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Leadership Assessment Interview is intended to assist in the selection and identification for promotion of qualified candidates for managerial positions within a company. This handbook provides suggestions and guidelines for how to conduct a fair, effective, and job-related interview that will lead to informed hiring and promotion decisions. Specifically, it provides: (a) a step-by-step procedure for conducting the interview; (b) suggested content areas and questions around which the interview can be structured; (c) information on techniques for effective interviewing; (d) guidelines for evaluating the information obtained in the interview; and (e) guidelines for conducting team interviews.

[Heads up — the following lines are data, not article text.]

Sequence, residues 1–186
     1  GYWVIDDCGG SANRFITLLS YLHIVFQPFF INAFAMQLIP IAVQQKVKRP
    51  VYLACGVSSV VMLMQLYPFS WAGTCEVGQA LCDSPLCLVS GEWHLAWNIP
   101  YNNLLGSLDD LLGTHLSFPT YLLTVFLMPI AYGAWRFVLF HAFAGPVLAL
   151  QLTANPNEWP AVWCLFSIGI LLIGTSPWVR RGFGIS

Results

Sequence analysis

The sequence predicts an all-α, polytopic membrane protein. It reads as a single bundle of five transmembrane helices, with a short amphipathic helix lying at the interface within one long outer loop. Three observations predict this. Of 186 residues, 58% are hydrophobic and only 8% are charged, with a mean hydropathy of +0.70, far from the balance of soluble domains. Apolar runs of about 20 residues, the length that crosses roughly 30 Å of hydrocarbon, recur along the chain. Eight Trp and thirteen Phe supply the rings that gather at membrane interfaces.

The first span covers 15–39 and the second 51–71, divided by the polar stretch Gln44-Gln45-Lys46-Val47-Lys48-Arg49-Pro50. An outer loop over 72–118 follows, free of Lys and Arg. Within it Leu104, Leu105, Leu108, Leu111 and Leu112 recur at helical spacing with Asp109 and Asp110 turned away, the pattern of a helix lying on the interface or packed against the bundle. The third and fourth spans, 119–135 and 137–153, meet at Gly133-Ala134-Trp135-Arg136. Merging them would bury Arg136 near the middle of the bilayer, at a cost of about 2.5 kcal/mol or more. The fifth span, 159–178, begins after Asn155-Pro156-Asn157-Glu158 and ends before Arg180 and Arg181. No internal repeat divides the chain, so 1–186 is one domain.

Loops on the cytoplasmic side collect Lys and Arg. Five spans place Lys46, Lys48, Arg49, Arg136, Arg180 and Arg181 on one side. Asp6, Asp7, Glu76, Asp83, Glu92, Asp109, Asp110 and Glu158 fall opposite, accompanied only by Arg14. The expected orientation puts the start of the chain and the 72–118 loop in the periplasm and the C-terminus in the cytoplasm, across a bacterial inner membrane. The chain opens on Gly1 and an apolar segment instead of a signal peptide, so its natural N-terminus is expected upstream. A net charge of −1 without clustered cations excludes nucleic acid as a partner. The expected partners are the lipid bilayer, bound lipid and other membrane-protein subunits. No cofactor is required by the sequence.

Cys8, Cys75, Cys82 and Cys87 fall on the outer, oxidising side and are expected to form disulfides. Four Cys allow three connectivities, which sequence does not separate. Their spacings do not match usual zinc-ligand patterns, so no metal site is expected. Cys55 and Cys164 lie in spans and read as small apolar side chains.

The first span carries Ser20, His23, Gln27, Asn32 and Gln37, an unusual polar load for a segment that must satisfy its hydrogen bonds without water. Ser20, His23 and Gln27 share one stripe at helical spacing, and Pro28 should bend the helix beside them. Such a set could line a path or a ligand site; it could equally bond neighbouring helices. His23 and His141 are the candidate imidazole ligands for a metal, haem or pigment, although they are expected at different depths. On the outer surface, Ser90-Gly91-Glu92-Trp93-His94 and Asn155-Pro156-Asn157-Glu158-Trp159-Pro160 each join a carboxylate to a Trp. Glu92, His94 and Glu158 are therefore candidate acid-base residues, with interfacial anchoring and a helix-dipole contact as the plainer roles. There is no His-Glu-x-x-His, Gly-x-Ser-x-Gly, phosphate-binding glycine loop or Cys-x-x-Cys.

LEADERSHIP ASSESSMENT INTERVIEW HANDBOOK FOR USE WITH ORGANIZATION LEADERSHIP ASSESSMENT INTERVIEW GUIDE (HCS) Kirk Podawiltz - PROPRIETARY Use pursuant to Company instructions COMPANY ORGANIZATION LEADERSHIP ASSESSMENT INTERVIEW HANDBOOK TABLE OF CONTENTS Page Section I -- Introduction and Overview 1 Section II -- Conducting the Interview 2 Overview 2 A. Preparing for the Interview 2 B. Setting the Stage for the Candidate 3 C. General Interview Procedure 3 D. Questioning and Probing Techniques 4 E. Questions and Topics That Should Not Be Probed 7 Section III -- Evaluating the Candidate 8 A. Steps in Making the Evaluation 8 B. Common Rater Errors and How To Avoid Them 9 Section IV -- Guidelines for Conducting Team Interviews 10 9/07 Kirk Podawiltz - PROPRIETARY Use pursuant to Company instructions SECTION I Introduction and Overview The Company (ORGANIZATION) Leadership Assessment Interview is intended to assist in the selection and identification for promotion of qualified candidates for managerial positions in ORGANIZATION. This handbook provides suggestions and guidelines for how to conduct a fair, effective, and job-related interview that will lead to informed hiring and promotion decisions. Specifically, it provides: (a) a step-by-step procedure for conducting the interview; (b) suggested content areas and questions around which the interview can be structured; (c) information on techniques for effective interviewing; (d) guidelines for evaluating the information obtained in the interview; and (e) guidelines for conducting team interviews. The guidelines and suggestions contained in this document are tools, not rules. However, since these tools represent a great deal of accumulated prior experience with effective interviewing methods, their appropriate use is likely to lead to more accurate decisions. Purpose The Hiring Manager Interview is designed to obtain information on candidates' experience, knowledge, skills, and interests as they relate to the requirements of COMPANY leadership positions. It is a structured interviewing procedure that can be conducted on either external or internal candidates, experienced or inexperienced candidates, either face-to-face or over the telephone, and by either an individual or a team/panel. It is intended to help systematically obtain the information needed to make an informed evaluation of a particular candidate’s match with leadership positions. The emphasis of the interview is on factual, behavioral indicators (for example, previous training, work activities, and accomplishments) related to candidates' experience, knowledge, skills, and interests. Advantages of Structured Interviewing A structured interview can lead to more informed hiring decisions because: (1) the pertinent knowledge, skills, and experience areas are clearly defined; (2) questions focus on relevant past performance and accomplishments; and (3) evaluation criteria are clear and consistently applied across candidates. A structured interview also has advantages over more informal methods of obtaining information from candidates. These include: (1) better control over the topics covered (including length of time spent and the degree of detail); (2) the ability to obtain specific answers to specific questions; and (3) better documentation of the candidate’s responses for evaluation purposes. In hiring situations, where there are long-term, serious consequences for both the organization and the candidate, a structured interview is much preferred to more informal screening methods. Structure and Content of the Leadership Assessment Interview This Interview Guide provides a suggested structure for conducting the interview, including examples of questions that can be asked in each part of the interview. The interview is organized in alignment with the 8 ORGANIZATION Core Competencies, with suggested questions listed for each. These areas are listed below and are also defined in more detail in the Interview Guide. Each area is important for effective job performance, as determined through careful review of the activities and requirements of ORGANIZATION management positions. 1. Managing With Speed and Adaptability 2. Accountability for Business and Financial Results 3. Customer Solutions Focus 4. Collaborative Business Partnering 5. Teamwork in a Matrixed Environment 6. Direction and Goals Alignment 7. Compelling Communications 8. Competitive Talent Management Use of this suggested structure has several advantages. It helps the interviewer maintain control of the interview process. It also helps ensure that as much relevant information as possible is efficiently obtained from every candidate, and that all candidates are evaluated according to similar criteria. 09/07 (HCS) Kirk Podawiltz - PROPRIETARY 1 Use pursuant to Company instructions SECTION II Conducting the Interview Interviewing is much like research or detective work; however, not an interrogation. The interviewer must ask a lot of questions, cover a lot of ground, and always look for clues. Clues should be followed up to determine if they provide useful information. When the interviewer comes across a good clue and follows up with probes, he or she may or may not uncover useful information. The interviewer must always listen carefully. While the questions the interviewer asks during the interview are critical to gathering the information necessary to make an accurate evaluation of the candidate's job qualifications, they are not the only important ingredients for conducting an effective interview. Section II discusses some of the other important elements that will help improve the quality of the interview and the final evaluation. Before the interview certain preparations must be made and the stage should be set for the candidate. During the interview the interviewer must develop and maintain rapport and control, use effective questioning and probing techniques, and take good notes. These issues are discussed in detail in parts A through D of this section. Issues concerning the evaluation of the candidate are discussed in Section Ill, "Evaluating the Candidate." Section IV provides some guidelines for team interviewing. A. Preparing for the Interview 1. Review the Candidate's Background Before the interview, the interviewer should review a copy of the candidate's employment application, resume, or any other available information about the candidate's work background and experience. Being familiar with the candidate's background will help the interviewer avoid asking unnecessary or irrelevant questions. It will also help the interviewer establish rapport and make the candidate feel that some time has been spent learning his or her background prior to the interview. This review will also serve to help in planning which questions to ask. Questions in the interview are sometimes answered by information contained in the resume or application, in which case it is unnecessary to ask them during the interview. However, very often, these documents lead to additional questions the interviewer will want to ask to obtain information or clarification during the interview. The interviewer should also make arrangements to conduct the interview at a suitable time and location that is convenient and free from interruption or distraction. 2. Customize the Interview Step 1: Choose which questions to ask After reviewing all candidate background materials, the interviewer should determine which questions to ask in the interview. This will allow for an optimal flow of interview questions while minimizing the possibility of candidate or interviewer confusion during the interview. It is not intended that every question listed in the Interview Guide be asked. The Interview Guide simply provides a menu of questions from which the interviewer should select the most appropriate questions to ask of a particular candidate. The interview is structured so that it can be used for various positions and various types of candidates (for example, external/internal, experienced/inexperienced). In general, the interviewer should be sure to ask enough questions so that he or she is able to make fair and accurate evaluations of the content areas covered in the interview. The first step in choosing which questions to ask is to review the job requirements of the target position. Next, the interviewer should review the interview content areas and questions. This will allow the interviewer to focus on the content areas and questions that are most applicable to the target position for which the candidate is being interviewed. The purpose of this interview is to obtain job-related information about a candidate's previous activities, skills, and knowledge. Questions that are not about job-related issues are not relevant to this purpose and could result in inaccurate candidate evaluations. For this reason, it is advisable to avoid problem-solving questions (e.g., "What is the procedure for determining...?"); situational-hypothetical questions (e.g., "What would you do if...?"); and role- play questions (e.g., "Sell me that watch."). Answers to questions like these can subject to very different interpretation by different interviewers. It is not possible within this interview format to standardize the criteria for evaluating responses to such questions. 09/07 (HCS) Kirk Podawiltz - PROPRIETARY 2 Use pursuant to Company instructions Step 2: Write additional questions or adapt existing questions Interviewers may wish to write additional questions. There is space provided at the end of each question section for interviewers to write any additional questions they may want to ask. In general, questions should be worded so that they encourage candidates to respond by relating their past performance, experience, or training. For example, questions that begin with the statements, “Describe your training in...” or “Tell me about a time when...” will likely elicit candidate responses that focus on his or her prior training or experience. However, questions that begin with phrases such as, “What do you think about...” or “How do you feel about...” may elicit information that is not relevant to any training or experience the candidate has actually had, but only how a candidate “thinks about” or “feels about” various issues. B. Setting the Stage for the Candidate The purpose of setting the stage is for the interviewer to begin to establish rapport with the candidate. This will also put the candidate at ease by letting him or her know what to expect and how this interview process will work. If the candidate understands these points, he or she will be more comfortable. This will allow the interviewer to obtain more and better information during the interview. The following points are listed at the beginning of the Interview Guide so that the interviewer will be sure to cover them with every candidate. make mutual introductions; put candidate at ease explain interview purpose and content (to determine match between candidate's prior experience, skills, and interests and the target position) explain purpose of team interview, if applicable (introduce team members and explain roles; explain that purpose of team interview is to maximize efficiency, time considerations for all parties, eliminating multiple interviews); see Section IV for guidelines regarding conducting team interviews explain timing and note-taking (interview should take about an hour, candidate will do most of the talking, interviewer will be taking notes) (if appropriate) ask if candidate has understanding of the target position in general; if not, give general explanation will leave time for candidate questions at interview end C. General Interview Procedure The interviewer's goal is to obtain sufficient information during the interview to make an objective and accurate evaluation of the candidate in terms of each of the 8 content areas. The questions listed in the interview guide are not the only questions that can be asked during the interview. Other questions and follow-ups are likely to be suggested by the candidate’s responses. Careful listening and use of appropriate follow-up probes will maximize the interviewer's effectiveness and increase the value of the information obtained in making informed decisions. It is recommended that the interviewer use “transitional statements” when beginning a new area of questioning. Suggested transitional statements are provided in the Interview Guide below the content area definition listed at the top of each page. Following are some overall guidelines the interviewer should follow when conducting the interview. More specific guidelines are presented below in part D, “Questioning and Probing Techniques.” In general, the interviewer should: project professionalism; be friendly yet businesslike establish and maintain rapport maintain control of interview; be alert to candidate digressing or rambling use interview guide to help guide and structure the interview process and for suggested lines of questioning take thorough notes on candidate responses close interview when satisfied all relevant areas have been covered; give candidate the opportunity to ask any questions (be aware of any questions that ask about proprietary information and let candidate know you can answer only general questions if topic is proprietary; thank candidate for time and interest) 09/07 (HCS) Kirk Podawiltz - PROPRIETARY 3 Use pursuant to Company instructions D. Questioning and Probing Techniques Careful listening is one of the main ingredients for effective interviewing. The most relevant information is not usually obtained from the first question asked. Questions should almost always be followed up with probes designed to elicit more specific information. It is especially important to probe further when the candidate gives an answer that contains trade jargon, technical acronyms, or "buzz words"; in such cases you must ask for meanings, explanations, or examples of what was actually done in order to evaluate the candidate's true level of experience, knowledge, or skill. Outlined below are a set of specific techniques and examples that will assist the interviewer in effective questioning of the candidate. The interviewer should look for opportunities to probe throughout the interview. The information most important for evaluation is usually not obtained from the first question asked within a given content area or sub-area. In those cases the interviewer must follow up the question with probes designed to obtain further information. As the interviewer becomes more familiar with the interview content areas and questioning techniques listed below, he or she will be better able to tailor questions and probes to obtain the information necessary to make an appropriate evaluation of the candidate. 1. General To Specific Probes Begin with general questions and gradually move to more specific probes. This serves several purposes: a. It can be more efficient. A general question allows the candidate to respond as thoroughly and broadly as possible. b. It can be easier to identify areas that require further probing. Beginning with specific questions may result in missing significant broader issues. c. It is more likely that the candidate will give factual information because he or she is not tipped off as to what specifics are being asked about. Once the interviewer has asked the general questions, he or she will be better prepared to probe for the information that is needed. 2. Echo Candidates will frequently provide additional useful information if the interviewer simply echoes or repeats a key word or phrase from what the candidate has just said. For example, the candidate might say: "I've had a lot of experience in systems design." The echo might be: "Systems design?" This technique can also be an effective means of clarifying or verifying the candidate's understanding of technical jargon or trade "buzz words." For example, the candidate might say: "I designed GVX1100s." The echo might be: "GVX1100s?" 3. Short Probes For the best results, keep your follow-up probes short. Probes should be five to ten words or less. This makes it easier for the candidate to understand what is being asked. For example: "Tell me more." "How did you accomplish that?" "Could you give me an example?" "What were the results?" 4. Single, Not Double Questions For the same reasons that short probes are important, simple sentences make it easier for the candidate to respond to questions. When several questions are combined into one, the candidate may become confused or give a response to only one of the questions. For example: Poor: "What types of projects did you manage and how did you prioritize them?" 09/07 (HCS) Kirk Podawiltz - PROPRIETARY 4 Use pursuant to Company instructions Better: "What types of projects did you manage?" (After candidate response, ask:) "How did you prioritize them?" 5. Do Not Use Jargon Many words and acronyms that are commonly used at Companymay not be understood by the candidate. If you have a Companybackground, you probably use some unique terms. Avoid their use during the interview. Candidates cannot feel at ease if they continually have to ask "What does that mean?" The use of acronyms will slow down the interview and show an insensitivity to the candidate. If it is necessary to use jargon, explain the meaning of the term(s). 6. What or How, Not Why It is generally better to start questions with "what" or "how" rather than "why." For example: "What steps did you take to ensure that the project progressed as required?" or "How were you able to persuade the team to adopt your solution?" This is not to say a "why" question should never be asked, but the interviewer should be careful if he or she does ask a “why” question. Many people feel challenged or threatened when directly asked "why,” for example, "Why did you recommend that solution to your team?" When a "why" question is asked it is best to soften the challenge as much as possible, for example, "Jean, why do you think your recommended solution best met the project’s goals?" 7. No “Leading” Probes “Leading” probes usually produce invalid information. For example, the question "Have you typically accomplished your work objectives?" leads the candidate to respond with the answer he or she thinks the interviewer is looking for. A less leading question would be, "How have your accomplishments matched up with your work objectives?" 8. Open vs. Closed Probes It is recommended that open probes rather than closed probes be used. Closed probes are designed for yes or no responses. Open probes allow the candidate to elaborate, explain, and discuss. Open probes usually obtain more (and more useful) information. For example: Closed Probe: "Did you do strategic planning?" Open Probe: "Describe how you did your strategic planning." or Closed Probe: "Did you design software?" Open Probe: "Tell me about the software you have designed." There are some situations where closed probes can be used appropriately and effectively, for example, when a candidate is digressing or providing unnecessary detail. The occasional use of closed probes that are relevant to what the candidate has just said can also indicate that the interviewer is listening attentively (for example, "So, the final outcome was successful?"). In addition, closed probes can be an effective means to re-establish control. 9. Confrontation This can be used when inconsistencies are noted within a single response, between two separate responses, or between a response and information from other sources (such as the resume). It points out the inconsistency and asks for an explanation. Try not to put the candidate on the defensive. This can be avoided by the way the confrontation is phrased and by the interviewer’s manner in asking it. For example: "You've just mentioned you had worked in new product development for AAA Technologies. I don't see that on your resume. Tell me more about the types of products you designed there." 09/07 (HCS) Kirk Podawiltz - PROPRIETARY 5 Use pursuant to Company instructions 10. Expansion This is a question or statement which asks for more information about a subject. Its use can provide more control by changing the course of the conversation to the specific areas which are more relevant. The expansion can also recover information that was not initially discussed. For example: "Tell me more about what your contribution was on that project." 11. Verification Particularly important in a telephone interview process, this technique can be used whenever the interviewer is unsure of whether he or she correctly heard or understood a response. For example: "I want to be sure I understood you correctly. Was this the first product you designed?" 12. Clarification This can be used to prompt the candidate to elaborate on or be more specific about statements that were not clear. It can be Open: "What did you mean when you said you were lucky to have worked on that project?" It can be Closed: "Did you make this entire presentation yourself or was it a team presentation?" 13. Summary This can be used to obtain more clarity about a response. It is a question which summarizes the information given, asking for agreement or correction. It is also a way to increase control in the interview. For example: "You've told me you worked on three projects: the PBX Voice XL market test, the customer demonstration on the virtual meeting application, and the ERP Software proposal. Is that correct? Be aware that the summary can lead to an invalid response from the candidate if it contains an error too slight to correct. 09/07 (HCS) Kirk Podawiltz - PROPRIETARY 6 Use pursuant to Company instructions E. Questions and Topics That Should Not Be Probed The following are items that interviewers are legally prohibited from asking about or probing due to potential violation of one or more EEO-related statutes in the U.S. Be aware that when interviewing a candidate in the U.S. for a position that will be based in the U.S., you should avoid questioning or probing any of the areas listed below. These guidelines do not apply when interviewing candidates outside the U.S. Interviewers should check with local Human Resources staff regarding any potential legal considerations in countries other than the U.S. Do not ask the candidate about: Age or date of birth Race, ethnicity, or country of origin Religion Physical handicaps or even obvious medical situations Sexual orientation Marital status Arrests and convictions for other than traffic violations Credit history Maiden name Parents' name Friends or relatives working with Company Spouse's work Number of children and child care arrangements Availability for Saturday or Sunday work Home environment Living arrangements In addition, when probing experience regarding a candidate's present or former employer(s), do not ask about: Confidential information (e.g., performance appraisal results) Company-proprietary information (e.g., marketing strategies, detailed basis of compensation plan, competitor product specifications) 09/07 (HCS) Kirk Podawiltz - PROPRIETARY 7 Use pursuant to Company instructions SECTION III Evaluating the Candidate The candidate evaluation should be conducted as soon as possible after the interview, while it is still fresh in the interviewer’s mind. This will help to ensure the accuracy of the evaluation. The Candidate Evaluation Worksheet (found at the end of the Interview Guide) provides a systematic way to synthesize and summarize the information obtained from the candidate during the interview. This will enable the interviewer to make the most appropriate evaluation decision. However, the final hiring or promotion decision is always at the discretion of the hiring manager, regardless of the pattern of evaluations assigned through the steps listed below. A guide to some common rater errors and ways to avoid them is presented in Section IIIB. A. Steps in Making the Evaluation Step 1: Evaluate Content Areas Rating scales with behavioral anchors for each content area are found after the interview questions listed for each area. Before making the rating for a particular content area, the interviewer should review the interview notes for that content area, as well as any notes taken at other points during the interview (for example, during questioning of another content area) that provide information relative to the content area under consideration. The next step is to review the behavioral anchors listed for that area and decide which rating to choose, based on the evidence collected throughout the interview. The interviewer evaluates the candidate’s effectiveness in the content area by circling the appropriate symbol on the rating scale shown below: 3 = High 2 = Medium 1 = Low This evaluation should be based on the interviewer’s judgment of how the information gathered during the interview matches with the behavioral anchors for each rating. These anchors are simply examples of the types of information that lead the interviewer to a particular rating. There are many other examples that may arise from the candidate’s answers to questions asked during the interview. The interviewer must use his or her judgment as a subject matter expert in order to assign a particular rating to each content area. Step 2: Complete Candidate Summary The Candidate Summary section of the Candidate Evaluation Worksheet should be completed by circling the appropriate symbols as transferred from the individual content area evaluations assigned in Step 1. This will provide an overall picture of the candidate’s relative strengths and weaknesses across the 8 evaluation categories covered in the interview. Step 3: Assign Selection Priority The final step in the evaluation process is to assign a selection priority category (Highly Recommended, Recommended, or Not Recommended) to the candidate. This should be based on the judged match between the candidate’s experience, knowledge, skills, and interests as uncovered in the interview and the specific requirements of the position to be filled. Step 4: Complete Worksheet and Interview Guide The interviewer should sign and date the worksheet when the entire form is completed (including the top part of the worksheet with names and titles, the candidate summary, and selection priority). The Human Resources staff contact will give instructions on what to do next. 09/07 (HCS) Kirk Podawiltz - PROPRIETARY 8 Use pursuant to Company instructions B. Common Rater Errors and How To Avoid Them When you rate a candidate, you quantify the information you obtained during the interview for the purpose of making a decision. As previously discussed, a thorough understanding of the interview content areas is critical to making accurate ratings. The accuracy of interview ratings is also determined by how well common rater errors are avoided. A well-conducted interview is of no value if the process used to reach a final decision involves many errors. Better decisions are made when the interviewer understands the types of errors that undermine the accuracy of a rating. All rater errors undermine the validity of the decision process. Listed below are explanations of the most common rater errors. Awareness of these errors is the first step toward avoiding them. LENIENCY The tendency to rate candidates using an overly generous set of standards, which will result in higher or inflated ratings. SEVERITY The tendency to rate candidates using an overly stringent set of standards, which will result in lower or deflated ratings. CENTRAL The tendency to avoid rating candidates at the high or low ends of the rating TENDENCY scale and to cluster all ratings around the center of the scale. HALO EFFECT The tendency to base the ratings for each content area on a general overall opinion of the candidate rather than treating each content area as a separate and independent judgment. In other words, an overall favorable or unfavorable impression of the candidate influences the ratings of all of the content areas. The result of this error is that content area ratings are all highly similar. SIMILARITY The tendency to give higher ratings to those candidates perceived as similar to oneself, and conversely, to give lower ratings to those seen as different from oneself. FIRST The tendency to rate candidates on the basis of their responses to the first few IMPRESSION interview questions or your initial impressions, rather than giving equal consideration to all information obtained throughout the interview. RECENCY The tendency to rate candidates on the basis of their responses to the last few EFFECT interview questions or your final impressions, rather than giving equal consideration to all information obtained throughout the interview. LOGICAL The tendency to give the same rating for several content areas because they are ERROR logically connected, rather than because the candidate deserved the same rating for these content areas. CONTRAST The tendency to let the quality of a previous candidate affect the ratings of the EFFECT current candidate. This type of error is particularly apt to occur when the previous candidate was an unusually strong or unusually poor candidate. The contrast between the previous candidate's quality and the current candidate's quality distorts the ratings for the current candidate. In Summary, When Making Your Ratings: Evaluate each candidate on his or her own merits as demonstrated during the interview. Take good notes during the interview and review them carefully before making your ratings to improve the accuracy of your ratings. Make sure you use the full range of the rating scale. Do not be afraid to use the ends of the scale when such ratings are appropriate. Do not let your ratings be influenced by: Comparisons to previous candidate's Comparisons to yourself First or last impressions of the candidate Overall impression of the candidate (This is the most common type of rating error so you should be especially careful to avoid it.) 09/07 (HCS) Kirk Podawiltz - PROPRIETARY 9 Use pursuant to Company instructions SECTION IV Guidelines for Conducting Team Interviews This section provides some overall guidelines regarding how to conduct this interview as a team or panel. A team or panel interview may be preferable to a one-on-one interview because: (a) there is less chance that key points will be overlooked; (b) there are multiple people taking notes and documenting the interview; and (c) it is an advantage to have multiple and diverse perspectives when evaluating the candidate. The following steps can be taken to ensure the effective conduct of a team or panel interview. Prior to the Interview 1. Determining Interview Team Membership The interview team should usually include the direct supervisor or hiring manager of the target job. It may also include relevant subject matter experts or any other appropriate individuals whose job functions coordinate with those responsibilities of the target position. In some circumstances, it may be appropriate to include internal or external “customers” or “suppliers” of the target position. It is recommended that one person (generally the direct supervisor or hiring manager) function as the team leader and primary interviewer. This can help to maintain the interview structure and timing during the interview. 2. Planning Interviewer Roles, Interview Conduct, and the Evaluation Process The participants should decide upon each of their roles in the interview. In addition to the supervisor or hiring manager acting in the primary interviewer role, at least one interviewer should function as the “recorder” and assume the major responsibility for taking notes during the interview. However, all interview team members should be encouraged to take notes to the extent possible during the interview. Notes are an invaluable part of the interview and can suggest additional interview questions and follow-ups, as well as improve the accuracy of evaluations. How the interview questions are divided among the team members should also be determined prior to the interview. There are many ways to allocate these questions. For example, the primary interviewer can take the lead in questioning throughout the entire interview, with other team members asking follow-up questions as appropriate. Or, individual team members can be given responsibility for specific interview content areas. However such decisions are made, they should represent a planned strategy that results in question or content area allocations among team members that will maximize interview effectiveness and value for both the interview team and the candidate. Interview teams should avoid simply having each team member ask a question in turn, as this is likely to disrupt the flow of questioning and increase the potential for confusion. In addition, the team should agree upon the team member roles and structure that will be followed in the candidate evaluation process, as discussed in point 5 below. During the Interview 3. Explaining Purpose, Roles, and Structure to the Candidate It is important to explain the purpose of the team or panel interview, the roles of each team member and the interview structure to the candidate during the “stage setter” at the beginning of the interview. This will make the process of the team interview clearer to the candidate and reduce any anxiety or confusion the candidate may have when faced with several team members in an interview situation. Be sure to explain to the candidate why the team interview format is being used: (a) so the candidate gets the benefit of being viewed from multiple perspectives rather than just one; and (b) for efficiency and time considerations, as it eliminates the need to schedule (and for the candidate to go through) multiple interviews and maximizes the use of time for interviewers as well as the candidate. 09/07 (HCS) Kirk Podawiltz - PROPRIETARY 10 Use pursuant to Company instructions 4. Conducting the Interview The overall principles for conducting the interview (as described in Section II) remain the same for team or panel interviews. In addition, the following are things to remember when conducting a team interview: determine who will be the interview team leader clearly define roles of interview team members decide on interview format and structure prior to interview explain roles of team members and interview format and structure to candidate When conducting a team interview, do not: neglect to explain interview roles and structure to the candidate during the stage setter allow participation of too many interviewers and/or poorly defined roles allow team members to interrupt one another allow each team member to ask one question in turn After the Interview 5. Evaluating the Candidate It is recommended that team members use the Candidate Evaluation Worksheet when evaluating a candidate after a team or panel interview. Prior to conducting the interview the team should decide what roles and structure to follow in order to come to agreement regarding the overall candidate evaluation. There are several ways to structure the team evaluation process; for example, each team member can evaluate the candidate individually followed by discussion, the team can evaluate the candidate as a group, etc. The team should also decide if the primary interviewer will function as the leader in the evaluation discussion and if he or she (or any other team member) has veto power over any part of the decision. The specific format of the evaluation and consensus process can vary, but should be discussed and agreed upon by the team members prior to the interview. 09/07 (HCS) Kirk Podawiltz - PROPRIETARY 11 Use pursuant to Company instructions